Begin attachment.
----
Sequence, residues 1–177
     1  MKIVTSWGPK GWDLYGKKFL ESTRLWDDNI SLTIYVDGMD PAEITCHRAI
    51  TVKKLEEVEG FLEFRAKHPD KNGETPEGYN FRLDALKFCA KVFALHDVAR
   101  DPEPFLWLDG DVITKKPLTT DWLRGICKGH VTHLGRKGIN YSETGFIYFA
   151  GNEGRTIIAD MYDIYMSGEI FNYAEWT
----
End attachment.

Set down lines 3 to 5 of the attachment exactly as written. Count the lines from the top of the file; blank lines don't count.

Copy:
    51  TVKKLEEVEG FLEFRAKHPD KNGETPEGYN FRLDALKFCA KVFALHDVAR
   101  DPEPFLWLDG DVITKKPLTT DWLRGICKGH VTHLGRKGIN YSETGFIYFA
   151  GNEGRTIIAD MYDIYMSGEI FNYAEWT